Keith Johnson is a professor of Linguistics. The main ideas that he pursues in his research center around the nature of phonetic knowledge. He is a proponent of the idea that phonetic knowledge is best thought of as inclusive of all of one's experiences as a speaker or hearer. He has implemented this conception of phonetic knowledge in exemplar-based models and find that this style of modeling - in which, no processes of abstraction remove gradient information from memory - provide a better fit to the behavior of listeners.
He has also made some basic phonetic descriptive contributions, in providing descriptions of Xhosa clicks, Cherokee tones, Tamil liquids, Korean stops, creek vowels, and the speech of gay men in Columbus, Ohio.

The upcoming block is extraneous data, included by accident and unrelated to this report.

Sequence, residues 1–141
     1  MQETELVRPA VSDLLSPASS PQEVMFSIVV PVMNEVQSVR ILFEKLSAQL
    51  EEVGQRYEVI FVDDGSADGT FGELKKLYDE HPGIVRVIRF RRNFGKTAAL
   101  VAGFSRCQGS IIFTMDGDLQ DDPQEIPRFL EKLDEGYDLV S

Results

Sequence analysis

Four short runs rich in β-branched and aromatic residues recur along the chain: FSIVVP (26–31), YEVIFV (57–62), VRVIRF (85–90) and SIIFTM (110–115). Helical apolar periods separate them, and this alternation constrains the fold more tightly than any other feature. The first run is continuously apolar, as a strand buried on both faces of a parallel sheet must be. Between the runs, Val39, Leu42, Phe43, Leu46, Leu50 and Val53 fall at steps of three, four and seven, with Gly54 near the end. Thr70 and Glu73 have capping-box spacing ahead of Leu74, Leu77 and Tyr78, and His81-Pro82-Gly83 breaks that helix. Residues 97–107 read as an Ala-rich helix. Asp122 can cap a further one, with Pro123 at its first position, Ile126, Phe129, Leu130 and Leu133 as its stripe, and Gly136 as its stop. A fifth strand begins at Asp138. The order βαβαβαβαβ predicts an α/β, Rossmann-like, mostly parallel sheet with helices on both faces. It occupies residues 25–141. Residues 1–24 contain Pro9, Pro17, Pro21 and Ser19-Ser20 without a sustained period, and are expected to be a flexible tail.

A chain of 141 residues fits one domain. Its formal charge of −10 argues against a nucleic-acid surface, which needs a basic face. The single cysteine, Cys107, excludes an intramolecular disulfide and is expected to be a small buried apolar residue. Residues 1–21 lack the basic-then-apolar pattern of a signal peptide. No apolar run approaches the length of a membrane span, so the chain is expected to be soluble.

Ultimately, linguistic phonetics is concerned with how phonetic factors influence the sound patterns of language. To him this means that explaining sound change is the ultimate goal of linguistic phonetics. so, he's done some theoretical and modeling work on sound change.
Recently he has been helping a team of researchers at UC San Francisco conduct research in phonetic neuroscience. This work involves imaging the brain during speech production and perception with the aim of providing basic facts about the neural coding of phonetic knowledge.